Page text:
Anika Khan: Tyra and I are looking to redefine student government and give students the chance to redefine student government for themselves. Tyra and I know what it’s like to be a part of the existing government, and we know how to change it to help create real community here at HLS.
Nino Monea is the outgoing Student Government President. The Record asked him what was on his mind.
Record: What are some of the things that student government has been able to do this year that you’re proud of?
Monea: As far as membership goes, a majority of the executive team and elected members are women, and a majority are people of color for the first time as far back as we have records on this point, and I think it’s great that we have a team that really reflects the school that we’re supposed to represent. On substantive accomplishments, we’ve been able to implement a new printing system, which historically was students’ number one complaint in polls.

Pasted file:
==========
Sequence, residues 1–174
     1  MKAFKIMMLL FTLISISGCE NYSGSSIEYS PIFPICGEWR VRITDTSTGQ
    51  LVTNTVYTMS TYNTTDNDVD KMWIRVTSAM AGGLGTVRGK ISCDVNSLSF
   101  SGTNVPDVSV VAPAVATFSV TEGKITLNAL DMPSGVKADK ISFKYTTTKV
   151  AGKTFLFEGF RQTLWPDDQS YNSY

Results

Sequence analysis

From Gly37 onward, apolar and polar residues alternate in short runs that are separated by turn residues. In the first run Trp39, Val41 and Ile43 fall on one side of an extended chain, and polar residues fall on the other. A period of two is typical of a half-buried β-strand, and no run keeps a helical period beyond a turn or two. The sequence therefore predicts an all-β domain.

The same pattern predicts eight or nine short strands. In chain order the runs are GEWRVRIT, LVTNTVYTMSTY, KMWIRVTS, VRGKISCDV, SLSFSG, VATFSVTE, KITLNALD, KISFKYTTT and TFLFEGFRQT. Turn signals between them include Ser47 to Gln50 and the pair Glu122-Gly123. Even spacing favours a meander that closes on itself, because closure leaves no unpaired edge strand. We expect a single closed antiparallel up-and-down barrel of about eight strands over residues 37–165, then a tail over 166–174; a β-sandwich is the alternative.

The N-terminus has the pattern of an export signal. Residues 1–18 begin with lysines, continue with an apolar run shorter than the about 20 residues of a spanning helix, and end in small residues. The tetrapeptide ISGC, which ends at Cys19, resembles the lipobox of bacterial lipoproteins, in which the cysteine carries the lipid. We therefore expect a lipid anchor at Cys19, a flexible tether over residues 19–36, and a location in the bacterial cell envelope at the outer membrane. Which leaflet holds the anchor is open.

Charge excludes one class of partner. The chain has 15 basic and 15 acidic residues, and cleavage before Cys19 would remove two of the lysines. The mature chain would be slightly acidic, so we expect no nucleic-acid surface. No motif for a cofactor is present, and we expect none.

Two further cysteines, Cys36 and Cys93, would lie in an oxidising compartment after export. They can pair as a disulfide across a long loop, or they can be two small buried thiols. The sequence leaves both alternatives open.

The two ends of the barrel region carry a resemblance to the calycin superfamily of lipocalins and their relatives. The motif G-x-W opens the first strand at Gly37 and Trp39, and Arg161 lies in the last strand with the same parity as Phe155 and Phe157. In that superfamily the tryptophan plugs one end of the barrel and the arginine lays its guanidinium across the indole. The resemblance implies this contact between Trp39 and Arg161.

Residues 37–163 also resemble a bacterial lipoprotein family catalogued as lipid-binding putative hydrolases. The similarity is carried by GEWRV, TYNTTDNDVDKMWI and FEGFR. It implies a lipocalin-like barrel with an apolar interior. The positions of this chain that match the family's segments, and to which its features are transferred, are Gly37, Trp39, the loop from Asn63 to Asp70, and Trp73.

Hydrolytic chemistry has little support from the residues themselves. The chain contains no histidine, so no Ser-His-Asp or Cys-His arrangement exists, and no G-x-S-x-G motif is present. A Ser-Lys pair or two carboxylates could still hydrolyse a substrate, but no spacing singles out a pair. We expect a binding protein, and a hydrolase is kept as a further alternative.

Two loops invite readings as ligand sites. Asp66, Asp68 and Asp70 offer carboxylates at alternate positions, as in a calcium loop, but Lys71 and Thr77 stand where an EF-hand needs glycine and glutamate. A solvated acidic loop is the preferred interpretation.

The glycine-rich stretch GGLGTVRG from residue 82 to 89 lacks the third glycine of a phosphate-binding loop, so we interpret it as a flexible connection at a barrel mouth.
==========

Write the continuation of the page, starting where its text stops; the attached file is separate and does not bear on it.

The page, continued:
We’ve been able to make progress on policies to help students be more politically engaged, such as recording classes on Election Day, and we’ve begun discussions about canceling courses on Election Day so students can more easily go out and vote or volunteer. And we’re for the first time trying to expand offerings for students trying to go into public [office], such as a reading group on how to run for office as a lawyer. And going forward we want to see if there’s resources this school can offer to help people who don’t come from politically connected families run for office.